International ETFs: Some of the Best Investment Opportunities Around
Stock Analysis & Ideas

International ETFs: Some of the Best Investment Opportunities Around

International ETFs have become increasingly attractive to many investors. Following a strong rally, U.S. stocks now trade at rich valuations, which leave little room for further upside. While some money managers and individual investors are contemplating increasing exposure to corporate bonds and Treasuries, others are looking across the pond for better-value stocks. In fact, Swiss wealth management firm Pictet said that it expected European and Asian equities to perform better than their U.S. peers in the second half of 2023.

Indeed, focusing on valuations, their case looks compelling: the main European benchmark index, Stoxx Europe 600, trades at a TTM P/E of 13, versus the S&P 500’s valuation of 23. On the other hand, the Japanese market is even more overvalued than the U.S. one, after the Nikkei 225 index reached its all-time high on June 16th on strong interest from international investors as well as significant depreciation of the Japanese yen. Based on valuations as well as the “Warren Buffett indicator” (the ratio of total stock market value divided by GDP), analysts see the highest projected annual returns in Asia ex. Japan and Europe, compared to other developed markets.

Whether the pundits are right, or the U.S. market will surprise the naysayers again, like it did many times in the past, it’s always helpful to diversify the investment portfolio. For individual investors, who don’t have the market research and analysis teams that support the investment decisions of professional money managers, the easiest (and the cheapest) way to gain exposure to overseas markets is to buy into an ETF.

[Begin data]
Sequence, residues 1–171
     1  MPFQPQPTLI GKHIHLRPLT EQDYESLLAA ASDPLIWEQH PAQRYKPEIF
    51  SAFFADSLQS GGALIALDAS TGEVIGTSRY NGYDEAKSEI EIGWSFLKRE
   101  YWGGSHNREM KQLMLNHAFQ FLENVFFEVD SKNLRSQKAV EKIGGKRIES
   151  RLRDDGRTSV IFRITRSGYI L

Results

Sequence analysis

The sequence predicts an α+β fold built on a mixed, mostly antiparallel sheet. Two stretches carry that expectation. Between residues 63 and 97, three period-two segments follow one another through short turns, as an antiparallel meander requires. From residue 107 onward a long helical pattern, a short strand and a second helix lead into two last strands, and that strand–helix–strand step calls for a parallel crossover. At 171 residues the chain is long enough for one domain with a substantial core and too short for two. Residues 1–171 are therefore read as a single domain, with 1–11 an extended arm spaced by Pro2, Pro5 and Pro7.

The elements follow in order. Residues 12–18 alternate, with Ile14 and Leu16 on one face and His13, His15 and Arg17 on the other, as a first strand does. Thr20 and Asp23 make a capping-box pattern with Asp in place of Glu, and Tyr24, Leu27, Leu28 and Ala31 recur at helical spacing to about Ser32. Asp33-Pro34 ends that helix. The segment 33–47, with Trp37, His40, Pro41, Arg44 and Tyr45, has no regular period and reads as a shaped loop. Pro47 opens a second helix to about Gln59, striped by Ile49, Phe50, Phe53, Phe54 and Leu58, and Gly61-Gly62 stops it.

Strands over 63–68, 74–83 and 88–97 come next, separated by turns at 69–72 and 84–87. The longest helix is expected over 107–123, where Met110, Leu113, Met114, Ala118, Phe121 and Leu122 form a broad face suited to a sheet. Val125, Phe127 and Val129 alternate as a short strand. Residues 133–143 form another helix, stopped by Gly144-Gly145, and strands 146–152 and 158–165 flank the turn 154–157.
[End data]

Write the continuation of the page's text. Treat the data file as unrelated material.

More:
Best European ETFs

Vanguard FTSE Europe ETF (VGK): the largest Europe ETF, with Assets under Management (AUM) of $18.8 billion. The fund tracks the FTSE All Cap Developed Europe index to provide exposure to all developed European markets. It holds 1,307 stocks of any market capitalization; however, over 77% of holdings are mega- and large-cap companies such as Nestle SA (NESM), ASML Holding (ASML), LVMH (MC), AstraZeneca (AZN) and Shell (SHEL). Still, the fund also has significant exposure (16%) to mid-cap companies and even some exposure to small and micro-caps. As for the geographical allocation, the largest exposure is to the U.K., France, Switzerland, and Germany. Expense Ratio: 0.11%. Year-to-date performance: +7.4%.

Investors who prefer to stick with less volatile large caps in the foreign markets may instead choose another large European equity ETF: JPMorgan BetaBuilders Europe ETF (BBEU). The fund’s AUM is $8.9 billion; it follows the Morningstar Developed Europe Target Market Exposure Index, designed to cover the top 85% of the float-adjusted market capitalization of European equity markets. BBEU holds 454 stocks; almost 90% of holdings are large caps and the rest are mid-cap companies. The fund’s geographical allocation is similar to that of VGK; the list of largest holdings also closely resembles that of the larger fund. Expense Ratio: 0.09%. Year-to-date performance: +8.0%.

In addition, investors wishing to confine their European exposure to continental stocks only, skipping the volatile U.K. market, can buy into iShares MSCI Eurozone ETF (EZU), which tracks the MSCI EMU index. With an AUM of $8.2 billion and 229 companies’ stocks, the fund offers exposure to some of the largest companies domiciled in the Euro area. EZU’s largest geographical exposure is to France, Germany, and Netherlands; 90% of holdings are large caps and 10% mid-caps. In terms of specific names, the fund’s largest holdings are ASML Holding (ASML), LVMH (MC), SAP SE (SAP), TotalEnergies SE (TTE), and Siemens (SIE). Expense Ratio: 0.52%. Year-to-date performance: +11.0%.